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In the modern working world, the term cultural fit is currently on everyone’s lips. This refers to the congruence between the values, attitudes and behaviors that apply and are practiced in a company on the one hand and those of potential employees on the other. The central question is: Does the applicant fit into the company? 

Def. Cultural fit. The term cultural fit (in German = kulturelle Passung), which originates from personnel psychology, describes the match between the existing organizational culture in a company and the desired organizational culture from the perspective of (potential) employees. A high cultural fit is achieved when employees can identify with the organizational culture, i.e., with the values, attitudes, and actions practiced within the company.

Cultural fit: More appearance than reality? 

But what role does cultural fit play in modern personnel selection? Is the term primarily a buzzword without any relevant meaning or implications for the everyday work of HR managers, or should the examination of the cultural fit between companies and applicants already be on their agenda? This question was investigated by meta HR consulting and Employour in a shared study. The surprising result: While more than 80% of the HR managers surveyed consider the cultural fit between applicants and companies to be important or very important, an actual measurement of this has so far taken place in less than 10% of the personnel selection processes. Perceived importance and actual implementation so appear to be in marked contrast – the reality of personnel selection in German companies once again appears to be lagging behind changes in the labor market. The reason: Not least a number of myths and circulating half-knowledge around the term, a frequently low scientific foundation of the test procedures existing on the market and a lack of know-how regarding the use of scientifically sound methods.

We uncover myths and misconceptions surrounding the concept of cultural fit and reveal recipes for success for a scientifically sound cultural fit measurement!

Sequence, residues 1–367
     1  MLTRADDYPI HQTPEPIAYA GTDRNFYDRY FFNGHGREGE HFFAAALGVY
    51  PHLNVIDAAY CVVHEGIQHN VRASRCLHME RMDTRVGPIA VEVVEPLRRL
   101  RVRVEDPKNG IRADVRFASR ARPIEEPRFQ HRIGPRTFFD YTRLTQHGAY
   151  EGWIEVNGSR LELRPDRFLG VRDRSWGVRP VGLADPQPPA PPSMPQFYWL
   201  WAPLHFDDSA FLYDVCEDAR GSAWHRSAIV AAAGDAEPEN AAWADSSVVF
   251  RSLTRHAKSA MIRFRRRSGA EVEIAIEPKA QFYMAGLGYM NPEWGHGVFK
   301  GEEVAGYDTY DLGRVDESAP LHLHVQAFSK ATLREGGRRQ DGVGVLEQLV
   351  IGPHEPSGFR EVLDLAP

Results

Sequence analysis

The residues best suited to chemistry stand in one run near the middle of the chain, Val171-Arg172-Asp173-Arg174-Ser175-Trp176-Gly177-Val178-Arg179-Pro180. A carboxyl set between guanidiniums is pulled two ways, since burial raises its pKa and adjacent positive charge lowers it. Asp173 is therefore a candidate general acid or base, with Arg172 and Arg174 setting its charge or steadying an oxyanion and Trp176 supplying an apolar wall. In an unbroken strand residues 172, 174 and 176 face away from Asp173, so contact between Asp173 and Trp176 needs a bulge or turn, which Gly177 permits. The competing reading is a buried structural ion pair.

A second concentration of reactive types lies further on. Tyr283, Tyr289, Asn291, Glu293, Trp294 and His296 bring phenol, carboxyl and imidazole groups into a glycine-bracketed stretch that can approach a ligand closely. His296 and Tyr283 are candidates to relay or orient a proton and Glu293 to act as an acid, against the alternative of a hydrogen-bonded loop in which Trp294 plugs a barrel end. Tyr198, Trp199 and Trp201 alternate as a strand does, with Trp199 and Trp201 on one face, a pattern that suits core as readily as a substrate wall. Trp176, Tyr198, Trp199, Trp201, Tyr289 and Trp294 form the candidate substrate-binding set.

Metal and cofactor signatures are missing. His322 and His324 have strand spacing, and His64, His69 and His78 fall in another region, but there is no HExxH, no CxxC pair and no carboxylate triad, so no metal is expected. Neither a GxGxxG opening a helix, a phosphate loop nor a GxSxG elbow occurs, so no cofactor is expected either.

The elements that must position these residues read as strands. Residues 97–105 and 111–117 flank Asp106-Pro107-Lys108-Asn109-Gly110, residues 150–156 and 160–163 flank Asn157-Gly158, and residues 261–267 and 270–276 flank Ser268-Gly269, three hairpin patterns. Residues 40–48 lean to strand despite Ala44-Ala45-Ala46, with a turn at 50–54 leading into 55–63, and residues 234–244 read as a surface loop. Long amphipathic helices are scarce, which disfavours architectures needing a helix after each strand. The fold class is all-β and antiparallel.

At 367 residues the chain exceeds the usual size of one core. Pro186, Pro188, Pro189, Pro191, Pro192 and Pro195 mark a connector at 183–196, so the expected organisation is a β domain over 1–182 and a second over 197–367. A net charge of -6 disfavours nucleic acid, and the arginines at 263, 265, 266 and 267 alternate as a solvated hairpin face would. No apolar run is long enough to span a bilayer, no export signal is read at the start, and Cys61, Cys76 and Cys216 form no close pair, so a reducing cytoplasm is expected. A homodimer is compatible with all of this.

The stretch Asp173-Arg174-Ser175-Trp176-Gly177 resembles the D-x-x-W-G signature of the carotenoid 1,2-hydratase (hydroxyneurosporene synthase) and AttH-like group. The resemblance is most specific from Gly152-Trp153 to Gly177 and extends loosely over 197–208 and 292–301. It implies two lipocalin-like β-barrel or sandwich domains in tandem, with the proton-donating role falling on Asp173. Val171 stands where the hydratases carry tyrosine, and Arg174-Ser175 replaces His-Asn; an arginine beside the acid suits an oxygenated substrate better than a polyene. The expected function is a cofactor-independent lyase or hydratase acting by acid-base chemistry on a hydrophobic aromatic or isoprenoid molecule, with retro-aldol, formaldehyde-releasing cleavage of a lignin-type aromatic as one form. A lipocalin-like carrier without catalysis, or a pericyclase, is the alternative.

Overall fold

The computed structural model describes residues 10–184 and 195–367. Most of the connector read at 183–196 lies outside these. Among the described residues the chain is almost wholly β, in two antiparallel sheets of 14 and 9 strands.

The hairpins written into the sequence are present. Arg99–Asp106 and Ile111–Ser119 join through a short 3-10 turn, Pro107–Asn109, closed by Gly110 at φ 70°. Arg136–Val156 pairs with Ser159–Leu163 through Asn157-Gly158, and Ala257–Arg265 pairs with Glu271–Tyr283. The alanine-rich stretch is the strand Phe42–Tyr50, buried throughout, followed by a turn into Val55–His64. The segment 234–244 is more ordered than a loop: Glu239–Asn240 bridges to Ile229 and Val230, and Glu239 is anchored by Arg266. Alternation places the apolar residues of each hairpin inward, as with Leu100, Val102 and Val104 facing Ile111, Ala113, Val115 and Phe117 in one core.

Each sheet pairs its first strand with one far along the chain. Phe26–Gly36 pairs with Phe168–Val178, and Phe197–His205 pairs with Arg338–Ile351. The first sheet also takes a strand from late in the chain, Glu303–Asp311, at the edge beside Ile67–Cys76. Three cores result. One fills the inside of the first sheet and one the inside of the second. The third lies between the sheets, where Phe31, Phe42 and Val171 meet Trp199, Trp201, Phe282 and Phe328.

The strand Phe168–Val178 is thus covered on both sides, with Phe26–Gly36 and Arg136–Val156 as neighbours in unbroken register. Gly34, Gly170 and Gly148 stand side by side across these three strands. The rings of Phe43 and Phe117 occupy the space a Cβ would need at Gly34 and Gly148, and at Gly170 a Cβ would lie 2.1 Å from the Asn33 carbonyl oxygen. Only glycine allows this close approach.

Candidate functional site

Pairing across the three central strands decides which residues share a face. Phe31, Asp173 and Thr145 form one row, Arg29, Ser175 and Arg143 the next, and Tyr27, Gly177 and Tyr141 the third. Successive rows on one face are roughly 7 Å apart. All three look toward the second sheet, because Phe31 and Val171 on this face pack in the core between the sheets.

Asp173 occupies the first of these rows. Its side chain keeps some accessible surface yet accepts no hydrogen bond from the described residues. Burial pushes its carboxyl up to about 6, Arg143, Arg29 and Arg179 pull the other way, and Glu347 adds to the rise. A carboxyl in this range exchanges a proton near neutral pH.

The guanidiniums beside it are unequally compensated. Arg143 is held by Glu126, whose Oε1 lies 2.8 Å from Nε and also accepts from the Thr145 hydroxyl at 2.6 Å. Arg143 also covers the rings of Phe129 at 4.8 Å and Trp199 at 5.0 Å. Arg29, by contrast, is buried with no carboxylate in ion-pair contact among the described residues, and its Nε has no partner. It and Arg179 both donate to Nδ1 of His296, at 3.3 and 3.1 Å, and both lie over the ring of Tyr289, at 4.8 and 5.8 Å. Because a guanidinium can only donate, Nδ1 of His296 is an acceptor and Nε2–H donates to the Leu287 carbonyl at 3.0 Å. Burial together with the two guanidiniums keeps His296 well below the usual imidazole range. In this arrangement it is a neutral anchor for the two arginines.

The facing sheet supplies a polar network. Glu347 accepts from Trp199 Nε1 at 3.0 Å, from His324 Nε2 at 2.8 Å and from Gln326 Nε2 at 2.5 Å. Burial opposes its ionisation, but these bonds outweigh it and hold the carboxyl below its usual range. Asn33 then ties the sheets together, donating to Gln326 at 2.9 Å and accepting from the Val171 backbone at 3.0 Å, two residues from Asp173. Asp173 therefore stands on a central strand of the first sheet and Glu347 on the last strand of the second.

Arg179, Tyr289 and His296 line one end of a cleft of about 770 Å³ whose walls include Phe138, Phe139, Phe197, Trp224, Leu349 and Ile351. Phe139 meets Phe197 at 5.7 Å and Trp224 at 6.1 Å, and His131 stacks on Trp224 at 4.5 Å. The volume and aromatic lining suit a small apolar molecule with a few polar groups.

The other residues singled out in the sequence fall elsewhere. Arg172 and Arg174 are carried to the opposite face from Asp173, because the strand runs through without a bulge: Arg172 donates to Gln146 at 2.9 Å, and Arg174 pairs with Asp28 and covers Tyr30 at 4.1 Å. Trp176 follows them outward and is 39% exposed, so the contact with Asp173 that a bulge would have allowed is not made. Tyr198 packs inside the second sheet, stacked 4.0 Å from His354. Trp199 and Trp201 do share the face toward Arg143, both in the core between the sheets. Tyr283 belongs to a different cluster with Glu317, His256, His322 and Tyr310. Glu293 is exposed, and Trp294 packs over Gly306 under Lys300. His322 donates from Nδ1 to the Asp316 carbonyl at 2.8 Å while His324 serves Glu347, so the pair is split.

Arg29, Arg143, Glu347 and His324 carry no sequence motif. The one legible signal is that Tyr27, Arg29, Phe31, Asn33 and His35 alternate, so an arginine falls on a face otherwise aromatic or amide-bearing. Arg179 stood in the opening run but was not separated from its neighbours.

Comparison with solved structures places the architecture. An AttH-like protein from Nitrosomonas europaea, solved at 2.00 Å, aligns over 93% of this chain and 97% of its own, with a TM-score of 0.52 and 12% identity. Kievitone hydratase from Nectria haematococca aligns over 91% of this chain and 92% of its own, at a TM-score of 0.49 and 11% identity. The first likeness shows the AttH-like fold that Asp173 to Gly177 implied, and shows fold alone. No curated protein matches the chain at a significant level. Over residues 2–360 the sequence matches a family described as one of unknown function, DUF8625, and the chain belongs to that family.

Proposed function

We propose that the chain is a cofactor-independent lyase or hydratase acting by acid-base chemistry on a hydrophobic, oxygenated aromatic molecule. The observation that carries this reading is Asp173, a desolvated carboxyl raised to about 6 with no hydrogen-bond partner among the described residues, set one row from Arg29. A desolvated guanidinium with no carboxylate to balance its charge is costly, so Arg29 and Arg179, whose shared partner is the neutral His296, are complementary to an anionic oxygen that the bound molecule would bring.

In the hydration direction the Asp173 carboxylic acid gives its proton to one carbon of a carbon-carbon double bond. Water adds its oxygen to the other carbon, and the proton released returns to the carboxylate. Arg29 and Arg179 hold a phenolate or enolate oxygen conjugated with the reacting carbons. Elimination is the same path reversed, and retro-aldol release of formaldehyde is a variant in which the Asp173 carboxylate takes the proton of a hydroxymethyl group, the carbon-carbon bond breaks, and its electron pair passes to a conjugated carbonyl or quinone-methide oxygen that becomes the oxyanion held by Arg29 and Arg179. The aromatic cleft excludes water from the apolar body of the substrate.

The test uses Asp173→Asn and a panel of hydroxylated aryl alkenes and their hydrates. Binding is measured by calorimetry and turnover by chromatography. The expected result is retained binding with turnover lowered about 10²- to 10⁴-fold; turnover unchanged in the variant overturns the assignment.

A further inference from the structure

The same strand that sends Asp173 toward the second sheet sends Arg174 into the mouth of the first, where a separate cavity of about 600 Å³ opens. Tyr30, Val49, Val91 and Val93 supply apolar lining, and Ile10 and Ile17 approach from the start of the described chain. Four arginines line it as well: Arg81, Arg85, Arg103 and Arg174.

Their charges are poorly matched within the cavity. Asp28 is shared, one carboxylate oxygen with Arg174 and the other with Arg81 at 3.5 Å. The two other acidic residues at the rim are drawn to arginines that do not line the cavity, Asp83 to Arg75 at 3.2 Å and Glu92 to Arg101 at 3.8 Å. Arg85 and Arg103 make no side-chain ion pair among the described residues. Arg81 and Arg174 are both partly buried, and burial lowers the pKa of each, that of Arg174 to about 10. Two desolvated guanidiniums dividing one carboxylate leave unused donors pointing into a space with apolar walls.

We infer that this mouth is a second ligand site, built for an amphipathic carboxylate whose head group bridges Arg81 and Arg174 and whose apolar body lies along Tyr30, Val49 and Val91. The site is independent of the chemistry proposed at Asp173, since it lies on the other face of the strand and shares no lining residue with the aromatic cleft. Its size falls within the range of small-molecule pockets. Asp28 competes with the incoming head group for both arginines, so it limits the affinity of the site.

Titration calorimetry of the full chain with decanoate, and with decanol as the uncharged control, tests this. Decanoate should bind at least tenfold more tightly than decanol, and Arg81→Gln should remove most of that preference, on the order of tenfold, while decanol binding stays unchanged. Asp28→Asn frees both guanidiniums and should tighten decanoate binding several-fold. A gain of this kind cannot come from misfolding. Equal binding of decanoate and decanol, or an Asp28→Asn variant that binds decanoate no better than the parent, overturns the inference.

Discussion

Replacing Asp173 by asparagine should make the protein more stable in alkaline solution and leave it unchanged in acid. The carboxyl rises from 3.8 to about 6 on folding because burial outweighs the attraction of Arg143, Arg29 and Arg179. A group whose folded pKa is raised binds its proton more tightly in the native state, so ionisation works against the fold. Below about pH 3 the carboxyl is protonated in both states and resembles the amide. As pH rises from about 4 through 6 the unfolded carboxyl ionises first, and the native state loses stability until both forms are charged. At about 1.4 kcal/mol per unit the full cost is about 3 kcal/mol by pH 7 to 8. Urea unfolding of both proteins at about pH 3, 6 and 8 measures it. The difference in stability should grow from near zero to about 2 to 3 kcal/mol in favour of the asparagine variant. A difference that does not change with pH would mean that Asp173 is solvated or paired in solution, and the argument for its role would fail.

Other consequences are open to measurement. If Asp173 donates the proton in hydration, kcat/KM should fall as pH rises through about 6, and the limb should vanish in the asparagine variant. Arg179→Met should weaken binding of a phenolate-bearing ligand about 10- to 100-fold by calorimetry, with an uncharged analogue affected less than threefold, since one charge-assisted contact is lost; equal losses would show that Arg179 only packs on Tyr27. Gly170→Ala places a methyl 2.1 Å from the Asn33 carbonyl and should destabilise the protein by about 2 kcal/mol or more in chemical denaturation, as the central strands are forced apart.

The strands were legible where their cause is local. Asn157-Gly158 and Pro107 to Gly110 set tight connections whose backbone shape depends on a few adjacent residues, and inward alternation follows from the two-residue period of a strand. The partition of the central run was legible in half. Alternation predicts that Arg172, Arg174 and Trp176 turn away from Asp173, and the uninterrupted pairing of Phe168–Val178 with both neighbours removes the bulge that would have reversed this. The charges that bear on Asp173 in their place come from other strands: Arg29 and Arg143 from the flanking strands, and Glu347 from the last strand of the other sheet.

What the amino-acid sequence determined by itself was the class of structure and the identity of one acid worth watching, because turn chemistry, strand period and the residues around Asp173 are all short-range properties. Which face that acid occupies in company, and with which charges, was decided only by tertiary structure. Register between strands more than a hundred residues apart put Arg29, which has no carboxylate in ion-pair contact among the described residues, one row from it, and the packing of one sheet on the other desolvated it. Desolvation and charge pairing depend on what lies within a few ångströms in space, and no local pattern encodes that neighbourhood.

6 myths about cultural fit

Myth 1: Cultural fit is subjective, not scientifically measurable, and therefore in contrast to “classic” personnel selection criteria.

Cultural fit typically captures “soft factors” such as expectations of leadership styles, preferences for collaboration, or overarching values such as integrity. At first sight, the concept of cultural fit seems to be in contrast to more classic “hard factors” such as intelligence or the ability to concentrate. However, a closer look behind the facades of this frequently used buzzword shows that there is more behind the term than the mere preference of applicants for a certain office design. Particularly when tests of cultural fit are scientifically based and specifically matched to job requirements, the contrast turns out to be smaller than initially assumed. Because if values and attitudes are clearly defined and translated into concretely observable behavioral or personality dimensions (e.g., team orientation and openness to experience), they can certainly be measured with the help of scientifically based psychological test procedures or psychometric mini-games. You can find out how this can look and succeed in concrete terms in our article Successful and scientifically based cultural fit measurement in three steps.

Myth 2: Cultural fit is a “nice to have” for employees, but does not play a role for the company’s profit.

Working time requires a lot of our time. As a result, more and more employees want to work for a company whose values they can identify with. It is therefore hardly surprising that the concept of cultural fit is gaining in importance, particularly in the context of the New Work movement. But the benefits do not end with those for the employees. If there is a high cultural fit, employees and employers benefit equally. The simple reason: Satisfied employees are better employees – as proven by various studies. A higher cultural fit not only improves employee satisfaction, but also the relationship between employees and therefore cooperation within the team. Other reasons to focus on cultural fit include faster onboarding, fewer terminations, and higher retention. The conclusion is that cultural fit is more than a “nice-to-have,” but a critical competitive factor for a company’s success. The better employees fit into a company and can even identify with it, the more successful the company will be: In the short, medium and above all long term.

Myth 3: Cultural fit harms diversity in the company

But wait: Doesn’t cultural fit automatically mean pure conformity and sticking to the status quo? Isn’t cultural fit the opposite of diversity, i.e. the desire for greater diversity in the company, which is currently being called for everywhere? And isn’t it always said that diversity and variety of thought is the secret to greater success in a company? Diversity or best fit – which is it?

In fact, the arguments for the apparent contradiction between cultural fit and diversity are not entirely taken out of the air – because in the search for the best cultural fit, there is definitely a danger that the diversity concept will be trampled underfoot.

A little thought experiment:Imagine that 20 years ago, the leaders of large, established companies (yes, we mean the “old white men” everyone talks about today) would have only hired employees (yes, “gendered” was not used back then) whose values and attitudes matched theirs. Applicants who questioned established behavioral patterns in the company or brought other values with them would have been sorted out of the applications – the reason: Lack of cultural fit. True to the motto: Birds of a feather flock together.